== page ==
The Southwark Fireworks Display includes music, circuses of fire and light, food and drink stalls, and, so far as I can see, very little mention of what Bonfire Night in the UK (apparently it’s celebrated on different days for different reasons in different countries) actually refers to, which was remembering and remembering how on the fifth of November, erm, ing, during the gunpowder, treason, and plot, the King and Parliament survived being blown up and so celebrated by setting things on fire.
In the olden days, apparently, it was known as Gunpowder Treason Day and somehow or other attracted a very anti-Catholic sentiment during which, as Wikipedia puts it, Puritans gave sermons on the ‘dangers of popery’. Followed by children begging about town with effigies of Guy Fawkes (did they carry them like torches?) and so the day became known as Guy Fawkes day. Also, there were class riots.
Most of these things, readers, I’m not sure anyone remembers.
Now, it’s all about fireworks and things going boom.
The other night, at BFI Southbank, there was a showing of Brazil (introduced by Paul McAuley). In the film there was a scene in a restaurant in which a bomb goes off and there is much blood and horror, but everyone not directly affected goes on about their day doing their very best to ignore the bombs and the blood, the waiter even pulling a bamboo screen across the carnage so as to better allow his diners to ignore what was happening on the other side.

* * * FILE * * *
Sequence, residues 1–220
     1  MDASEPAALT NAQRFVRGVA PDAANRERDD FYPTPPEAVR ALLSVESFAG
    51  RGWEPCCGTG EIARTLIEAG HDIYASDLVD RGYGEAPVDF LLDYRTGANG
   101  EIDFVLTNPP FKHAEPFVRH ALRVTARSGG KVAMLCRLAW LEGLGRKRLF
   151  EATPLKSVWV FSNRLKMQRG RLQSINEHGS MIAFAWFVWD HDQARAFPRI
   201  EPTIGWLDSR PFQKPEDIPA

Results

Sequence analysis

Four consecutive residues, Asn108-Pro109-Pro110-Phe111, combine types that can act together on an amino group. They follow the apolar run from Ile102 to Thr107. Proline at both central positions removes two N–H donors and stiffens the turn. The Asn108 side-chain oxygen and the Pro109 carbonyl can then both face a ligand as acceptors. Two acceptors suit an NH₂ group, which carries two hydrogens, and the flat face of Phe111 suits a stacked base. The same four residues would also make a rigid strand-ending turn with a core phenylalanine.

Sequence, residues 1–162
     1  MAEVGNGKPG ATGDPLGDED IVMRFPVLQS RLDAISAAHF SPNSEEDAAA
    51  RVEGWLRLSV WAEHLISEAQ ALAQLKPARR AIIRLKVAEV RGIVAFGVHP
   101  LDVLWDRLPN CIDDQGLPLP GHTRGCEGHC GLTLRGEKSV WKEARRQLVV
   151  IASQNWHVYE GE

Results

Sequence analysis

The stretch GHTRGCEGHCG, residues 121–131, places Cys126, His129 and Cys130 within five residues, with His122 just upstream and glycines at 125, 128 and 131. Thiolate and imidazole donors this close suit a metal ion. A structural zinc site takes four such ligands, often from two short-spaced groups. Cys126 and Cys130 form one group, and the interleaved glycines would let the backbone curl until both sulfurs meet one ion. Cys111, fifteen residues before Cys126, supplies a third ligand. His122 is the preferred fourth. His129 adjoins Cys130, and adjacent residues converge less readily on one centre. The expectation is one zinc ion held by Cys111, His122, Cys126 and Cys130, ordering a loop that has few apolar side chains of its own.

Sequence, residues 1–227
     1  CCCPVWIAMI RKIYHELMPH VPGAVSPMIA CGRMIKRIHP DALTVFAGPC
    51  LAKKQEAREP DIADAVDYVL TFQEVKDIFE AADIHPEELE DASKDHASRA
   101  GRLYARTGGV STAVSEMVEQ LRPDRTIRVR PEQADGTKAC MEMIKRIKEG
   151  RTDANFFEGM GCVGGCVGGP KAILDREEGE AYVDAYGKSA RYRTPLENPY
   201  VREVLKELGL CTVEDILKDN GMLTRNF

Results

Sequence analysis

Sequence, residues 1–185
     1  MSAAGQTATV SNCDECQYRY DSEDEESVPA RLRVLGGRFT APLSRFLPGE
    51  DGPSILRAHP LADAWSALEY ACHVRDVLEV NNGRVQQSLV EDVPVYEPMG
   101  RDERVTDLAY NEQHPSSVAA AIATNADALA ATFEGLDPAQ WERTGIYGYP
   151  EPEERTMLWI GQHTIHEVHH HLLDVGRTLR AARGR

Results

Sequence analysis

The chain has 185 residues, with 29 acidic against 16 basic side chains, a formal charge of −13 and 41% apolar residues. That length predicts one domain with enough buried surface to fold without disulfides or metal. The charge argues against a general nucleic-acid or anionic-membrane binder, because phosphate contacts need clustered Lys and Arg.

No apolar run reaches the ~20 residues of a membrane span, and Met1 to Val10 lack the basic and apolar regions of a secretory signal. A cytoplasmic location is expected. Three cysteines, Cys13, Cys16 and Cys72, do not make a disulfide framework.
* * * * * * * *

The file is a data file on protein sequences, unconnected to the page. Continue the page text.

It felt very apropos to most of life, and I was scared that my life was mostly spent eating food at a table with a veil drawn across what I didn’t want to see. I would prefer to see, rather than not see, or so I tell myself, but I imagine this is what everyone tells themselves all the while some secret waiter, in some secret part of their mind, draws veils and curtains and shuts doors and whispers, “Oh, no, nothing to see, here, nothing worth remembering anyway.”
I will be at Southwark tonight, at the festival of fire and memory, and will report back on whether anything of note (anything worth remembering, that is) burns or explodes or otherwise adds a bit of dark magic to an evening.
Happy 5th of November, readers. Happy remembering.